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My question was around the rolling hash function in RobinKarp algorithm. It is intuitive for me to understand how to get from xi to xi+1 without the mod, however with the mod i am not sure how we still get the right answer. Is there any mathematical theroem anyone could quote which would help me understand?

So i get,

xi = (ti)R^0 + (ti+1)R^1 + .. + (ti+m-1)R^M-1
xi+1 = (xi - (ti)R^0)/R + (ti+m)R^M

but whats the guarantee,

xi = [ (ti)R^0 + (ti+1)R^1 + .. + (ti+m-1)R^M-1 ] mod Q
xi+1 = [ (xi - (ti)R^0)/R + (ti+m)R^M ] mod Q

.. and so on will be correct even after introducing mod Q

Pretty sure its some basic mod arithmetic theorem i am missing here.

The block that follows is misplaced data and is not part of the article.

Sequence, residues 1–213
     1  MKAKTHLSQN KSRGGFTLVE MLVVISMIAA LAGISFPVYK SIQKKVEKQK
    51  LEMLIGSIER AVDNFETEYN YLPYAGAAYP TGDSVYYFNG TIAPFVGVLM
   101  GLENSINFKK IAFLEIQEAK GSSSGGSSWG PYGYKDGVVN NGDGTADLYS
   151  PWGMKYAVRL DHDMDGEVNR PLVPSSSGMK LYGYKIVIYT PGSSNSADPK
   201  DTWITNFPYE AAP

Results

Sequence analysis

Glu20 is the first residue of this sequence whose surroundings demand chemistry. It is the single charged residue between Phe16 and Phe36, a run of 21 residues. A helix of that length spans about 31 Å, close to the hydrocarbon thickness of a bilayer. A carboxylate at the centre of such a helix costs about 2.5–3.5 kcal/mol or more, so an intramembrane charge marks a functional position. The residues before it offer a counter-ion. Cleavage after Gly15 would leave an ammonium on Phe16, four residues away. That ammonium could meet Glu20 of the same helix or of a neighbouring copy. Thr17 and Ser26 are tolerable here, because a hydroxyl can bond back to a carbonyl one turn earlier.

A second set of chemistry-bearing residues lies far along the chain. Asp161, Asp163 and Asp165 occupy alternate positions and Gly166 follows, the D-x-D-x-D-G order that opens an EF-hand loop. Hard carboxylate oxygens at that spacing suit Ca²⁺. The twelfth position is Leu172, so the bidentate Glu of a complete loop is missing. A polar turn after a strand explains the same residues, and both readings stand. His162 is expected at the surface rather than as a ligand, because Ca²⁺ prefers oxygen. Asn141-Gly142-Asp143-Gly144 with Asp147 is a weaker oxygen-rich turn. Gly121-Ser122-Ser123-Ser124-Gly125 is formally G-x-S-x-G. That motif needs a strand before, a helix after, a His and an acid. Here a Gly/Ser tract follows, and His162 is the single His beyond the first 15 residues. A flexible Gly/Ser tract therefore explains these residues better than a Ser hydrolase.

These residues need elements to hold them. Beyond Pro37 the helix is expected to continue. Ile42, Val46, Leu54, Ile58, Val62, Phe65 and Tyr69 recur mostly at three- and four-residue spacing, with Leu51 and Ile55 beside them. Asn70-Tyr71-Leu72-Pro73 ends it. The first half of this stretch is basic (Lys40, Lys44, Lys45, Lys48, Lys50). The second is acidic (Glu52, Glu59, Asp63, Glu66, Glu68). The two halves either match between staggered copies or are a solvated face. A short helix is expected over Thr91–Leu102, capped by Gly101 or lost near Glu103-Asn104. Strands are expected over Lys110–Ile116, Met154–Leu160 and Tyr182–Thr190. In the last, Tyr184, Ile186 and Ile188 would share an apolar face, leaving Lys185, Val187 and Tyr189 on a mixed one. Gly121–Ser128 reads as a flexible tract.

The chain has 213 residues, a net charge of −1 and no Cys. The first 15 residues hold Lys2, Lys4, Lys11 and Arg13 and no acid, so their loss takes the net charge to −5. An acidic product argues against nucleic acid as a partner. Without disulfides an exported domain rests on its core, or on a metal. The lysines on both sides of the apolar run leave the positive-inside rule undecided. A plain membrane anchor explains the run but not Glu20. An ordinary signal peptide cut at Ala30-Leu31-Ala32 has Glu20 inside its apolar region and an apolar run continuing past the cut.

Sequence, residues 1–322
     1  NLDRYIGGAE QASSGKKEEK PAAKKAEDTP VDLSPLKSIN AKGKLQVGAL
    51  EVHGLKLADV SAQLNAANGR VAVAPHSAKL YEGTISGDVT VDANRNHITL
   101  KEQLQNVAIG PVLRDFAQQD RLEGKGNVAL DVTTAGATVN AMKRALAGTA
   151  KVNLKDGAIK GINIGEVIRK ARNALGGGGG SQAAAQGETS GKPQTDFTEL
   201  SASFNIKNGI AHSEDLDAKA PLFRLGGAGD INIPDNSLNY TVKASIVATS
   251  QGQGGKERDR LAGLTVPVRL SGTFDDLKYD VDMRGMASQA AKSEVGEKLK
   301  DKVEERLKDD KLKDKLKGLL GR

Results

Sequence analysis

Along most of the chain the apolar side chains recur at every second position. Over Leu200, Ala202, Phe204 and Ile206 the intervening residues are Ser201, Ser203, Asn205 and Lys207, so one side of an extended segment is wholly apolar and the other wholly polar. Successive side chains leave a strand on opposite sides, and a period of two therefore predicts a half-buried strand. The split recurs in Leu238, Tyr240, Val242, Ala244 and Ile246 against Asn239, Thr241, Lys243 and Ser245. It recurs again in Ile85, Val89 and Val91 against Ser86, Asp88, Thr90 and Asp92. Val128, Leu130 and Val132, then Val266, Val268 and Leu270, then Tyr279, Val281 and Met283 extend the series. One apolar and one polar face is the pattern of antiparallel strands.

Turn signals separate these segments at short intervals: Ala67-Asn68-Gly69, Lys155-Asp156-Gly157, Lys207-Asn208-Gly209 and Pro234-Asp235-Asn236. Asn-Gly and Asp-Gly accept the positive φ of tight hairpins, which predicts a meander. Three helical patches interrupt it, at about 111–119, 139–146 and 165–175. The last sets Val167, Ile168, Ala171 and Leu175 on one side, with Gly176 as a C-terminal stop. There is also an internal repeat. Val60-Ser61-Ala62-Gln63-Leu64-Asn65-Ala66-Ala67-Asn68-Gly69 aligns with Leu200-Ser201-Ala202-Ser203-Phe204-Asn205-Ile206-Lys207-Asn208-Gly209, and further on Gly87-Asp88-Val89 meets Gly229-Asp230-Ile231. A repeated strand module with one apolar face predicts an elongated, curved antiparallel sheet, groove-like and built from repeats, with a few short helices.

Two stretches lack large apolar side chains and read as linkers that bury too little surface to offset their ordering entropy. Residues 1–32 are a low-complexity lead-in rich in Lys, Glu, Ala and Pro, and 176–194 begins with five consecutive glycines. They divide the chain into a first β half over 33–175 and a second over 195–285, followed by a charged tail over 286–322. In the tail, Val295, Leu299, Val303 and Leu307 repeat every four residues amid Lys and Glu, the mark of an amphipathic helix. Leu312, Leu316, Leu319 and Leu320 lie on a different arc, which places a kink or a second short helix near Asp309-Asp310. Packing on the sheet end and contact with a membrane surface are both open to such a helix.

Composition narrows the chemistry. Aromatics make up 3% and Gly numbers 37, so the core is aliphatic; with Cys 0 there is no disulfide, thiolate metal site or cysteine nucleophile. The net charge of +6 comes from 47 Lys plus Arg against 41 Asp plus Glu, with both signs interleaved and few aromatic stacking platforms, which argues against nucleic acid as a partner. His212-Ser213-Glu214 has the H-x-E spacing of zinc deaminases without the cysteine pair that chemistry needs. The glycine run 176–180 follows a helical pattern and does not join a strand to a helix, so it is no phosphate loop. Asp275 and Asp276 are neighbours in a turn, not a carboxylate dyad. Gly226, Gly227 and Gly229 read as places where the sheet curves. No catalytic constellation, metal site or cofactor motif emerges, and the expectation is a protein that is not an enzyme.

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What you are missing is the identity $$ (a + b) \bmod{Q} = (a \bmod{Q} + b \bmod{Q}) \bmod{Q}. $$

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The video actually does it the other way around, kicking out the term with the highest power and then multiplying by R. It turns out to not really make a difference, but this is clearly always possible regardless of whether modular arithmetic is used or not.

Going back to what you wrote though. Without the modular arithmetic, the division by R is possible because the dividend is a multiple of R (it was carefully constructed to be).

With the modular arithmetic, the division by R is possible because R and Q are chosen such that $\gcd(R, Q) = 1$, therefore R has a modular multiplicative inverse modulo Q and can always be divided by. As a bonus, dividing by R becomes a multiplication, which is easier than integer division even if it is by a constant.

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